B-52 Stratofortress Conducts Operational Demonstration of Quickstrike-ER (QS-ER) Naval Mine Project in Pacific Ocean

A U.S. Air Force B-52 Stratofortress strategic bomber conducted an operational demonstration of the Quickstrike-ER (QS-ER) Naval mine project in the Pacific Ocean on May 30.

The B-52 bomber took off from the Joint Base Pearl Harbor-Hickam in Hawaii and released four inert QS64-ER 2000lb mine shapes on a remote shallow water location of the Pacific Missile Range Facility (PMRF). PMRF is the world’s largest instrumented, multi-dimensional testing and training missile range.

The bomber used for the demonstration was assigned to the USAF’s 49th Test and Evaluation Squadron based at Barksdale Air Force Base, Louisiana.

A B-52 Stratofortress dropping Quickstrike-ER (QS-ER) Naval mine project in the Pacific Ocean, May 30, 219. (U.S. Navy photo by Mass Communications Specialist 1st Class Holly L. Herline)
A B-52 Stratofortress dropping Quickstrike-ER (QS-ER) Naval mine while flying over the Pacific Ocean, May 30, 219. (U.S. Navy photo by Mass Communications Specialist 1st Class Holly L. Herline)

“The B-52 is an ideal airframe for testing the QS64-ER, as it has the ability to carry multiple mentions, as well as the speed and range needed to support this joint project,” said Lt. Col. Joseph Little, 49th TES commander.

Quickstrike 64-ER is an air-laid mine equipped with a 2000 lb MK64 Quickstrike naval mine. The Quickstrike is a Mark 80-series general purpose bomb with the fuze replaced with a target detection device (TDD) to detonate it when a ship passes within lethal range, a safe/arm device in the nose, and a parachute-retarder tailkit in the back.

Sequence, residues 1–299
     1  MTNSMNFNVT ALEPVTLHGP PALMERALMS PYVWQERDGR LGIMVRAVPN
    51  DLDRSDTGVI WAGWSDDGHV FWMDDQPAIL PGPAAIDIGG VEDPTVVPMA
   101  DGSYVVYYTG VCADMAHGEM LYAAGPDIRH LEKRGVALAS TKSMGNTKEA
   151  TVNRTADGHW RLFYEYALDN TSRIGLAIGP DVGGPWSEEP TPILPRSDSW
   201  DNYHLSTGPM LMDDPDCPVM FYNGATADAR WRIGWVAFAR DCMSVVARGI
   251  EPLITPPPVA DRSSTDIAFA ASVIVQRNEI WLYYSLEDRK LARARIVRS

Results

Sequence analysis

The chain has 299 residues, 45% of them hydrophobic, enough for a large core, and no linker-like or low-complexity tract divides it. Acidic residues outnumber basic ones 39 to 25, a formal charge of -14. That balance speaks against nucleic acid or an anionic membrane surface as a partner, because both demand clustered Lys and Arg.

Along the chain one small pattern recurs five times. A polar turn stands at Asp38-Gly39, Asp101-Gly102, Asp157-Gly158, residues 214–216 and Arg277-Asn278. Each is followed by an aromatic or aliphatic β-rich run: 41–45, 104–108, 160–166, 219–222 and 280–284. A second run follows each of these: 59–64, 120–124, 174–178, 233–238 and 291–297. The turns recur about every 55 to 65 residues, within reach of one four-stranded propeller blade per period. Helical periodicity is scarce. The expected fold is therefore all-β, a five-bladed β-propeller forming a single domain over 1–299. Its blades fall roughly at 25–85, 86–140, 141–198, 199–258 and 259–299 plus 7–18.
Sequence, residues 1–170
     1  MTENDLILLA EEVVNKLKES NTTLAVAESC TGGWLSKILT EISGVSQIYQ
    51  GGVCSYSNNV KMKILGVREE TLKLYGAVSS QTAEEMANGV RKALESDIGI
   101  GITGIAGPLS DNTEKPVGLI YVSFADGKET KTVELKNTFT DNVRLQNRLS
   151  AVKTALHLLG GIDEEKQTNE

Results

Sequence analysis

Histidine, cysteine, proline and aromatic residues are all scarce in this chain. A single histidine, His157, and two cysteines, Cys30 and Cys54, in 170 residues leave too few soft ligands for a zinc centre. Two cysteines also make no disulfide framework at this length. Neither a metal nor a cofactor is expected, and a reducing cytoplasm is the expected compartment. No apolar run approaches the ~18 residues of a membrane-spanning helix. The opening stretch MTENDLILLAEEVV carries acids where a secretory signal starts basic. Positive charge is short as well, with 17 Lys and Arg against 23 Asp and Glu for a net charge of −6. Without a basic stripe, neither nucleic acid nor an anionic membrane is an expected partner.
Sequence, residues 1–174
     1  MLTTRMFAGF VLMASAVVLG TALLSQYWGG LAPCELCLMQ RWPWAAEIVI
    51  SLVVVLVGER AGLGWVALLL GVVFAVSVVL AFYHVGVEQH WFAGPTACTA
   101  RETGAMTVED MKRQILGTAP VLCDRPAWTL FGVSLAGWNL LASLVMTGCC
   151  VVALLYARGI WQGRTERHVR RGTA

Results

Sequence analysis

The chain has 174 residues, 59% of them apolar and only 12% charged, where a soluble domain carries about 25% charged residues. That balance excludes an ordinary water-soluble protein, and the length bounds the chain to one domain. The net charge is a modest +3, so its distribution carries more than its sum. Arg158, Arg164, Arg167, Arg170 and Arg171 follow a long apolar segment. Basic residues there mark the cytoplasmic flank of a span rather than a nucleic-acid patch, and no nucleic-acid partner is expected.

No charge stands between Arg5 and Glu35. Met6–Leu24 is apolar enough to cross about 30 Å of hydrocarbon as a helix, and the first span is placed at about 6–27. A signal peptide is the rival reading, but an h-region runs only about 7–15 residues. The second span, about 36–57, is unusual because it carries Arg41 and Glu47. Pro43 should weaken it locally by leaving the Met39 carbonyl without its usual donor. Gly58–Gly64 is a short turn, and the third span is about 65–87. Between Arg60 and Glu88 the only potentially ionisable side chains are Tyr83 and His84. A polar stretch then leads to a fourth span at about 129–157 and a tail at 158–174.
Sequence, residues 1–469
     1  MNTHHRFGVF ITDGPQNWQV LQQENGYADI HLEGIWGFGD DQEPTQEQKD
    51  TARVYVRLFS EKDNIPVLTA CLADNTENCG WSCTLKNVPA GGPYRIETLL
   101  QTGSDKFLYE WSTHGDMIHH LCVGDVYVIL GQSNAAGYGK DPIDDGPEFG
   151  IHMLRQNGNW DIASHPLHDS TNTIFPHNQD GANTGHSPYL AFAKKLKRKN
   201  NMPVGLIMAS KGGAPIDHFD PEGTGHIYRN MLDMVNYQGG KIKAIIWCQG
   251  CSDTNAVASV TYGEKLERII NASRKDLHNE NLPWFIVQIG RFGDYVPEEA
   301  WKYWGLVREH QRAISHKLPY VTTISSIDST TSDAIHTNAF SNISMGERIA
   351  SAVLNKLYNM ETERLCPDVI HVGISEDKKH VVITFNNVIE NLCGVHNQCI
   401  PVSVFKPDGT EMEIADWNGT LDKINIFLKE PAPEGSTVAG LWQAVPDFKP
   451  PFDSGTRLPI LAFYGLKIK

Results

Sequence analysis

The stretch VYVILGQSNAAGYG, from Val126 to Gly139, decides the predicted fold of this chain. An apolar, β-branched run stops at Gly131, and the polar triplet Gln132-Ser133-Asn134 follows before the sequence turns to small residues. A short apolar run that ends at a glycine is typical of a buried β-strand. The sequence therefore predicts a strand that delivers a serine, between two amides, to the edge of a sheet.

“The effort of the Naval mine project was spearheaded by USINDOPACOM to meet the requirements of the region,” said Little.

“Current mine technology, while effective, has been largely unchanged since World War II,” said Dr. George Ka‘iliwai III, USINDOPACOM Director of Requirements and Resources. “These innovations and capabilities in the QS-ER project will allow our forces to generate more effective minefields from longer ranges and more rapidly than ever before.”

The Naval mine project is part of a two-year joint effort to develop, test and operationally demonstrate the capabilities of the QS64-ER that combines Joint Direct Attack Munitions (JDAM) technology and an additional wing kit and battery section with existing mine components. This allows it to be delivered long range and high altitude, which significantly reduces risk to the aircraft.

“This aerial maritime mine is compatible, interoperable, and can be employed by virtually any JDAM enabled aircraft, including foreign partners,” said Ka‘iliwai. “These capabilities will serve as a significant deterrent in peacetime and an effective operational and strategic tool in wartime.”

This is the final and largest demonstration of the Quickstrike 64-ER Naval mine project, which was “initiated by U.S. Indo-Pacific Command (USINDOPACOM) as part of ongoing efforts to modernize and enhance military readiness throughout the joint forces in the Indo-Pacific region”.

Ouickstrike air-laid mines:

The U.S. Air Force performed the first-ever drop of a precision guided aerial mine, consisting of a Quickstrike mine equipped with a JDAM kit on 23 September 2014.

The Quickstrike-J precision maritime mine is a JDAM-equipped 1,000 lb or 2,000 lb version, while the GBU-62B(V-1)/B Quickstrike-ER standoff, precision maritime mine is a 500 lb or 2,000 lb gliding version based on the JDAM-ER, which has a range of 40 nmi (46 mi; 74 km) when launched from 35,000 ft (11,000 m).

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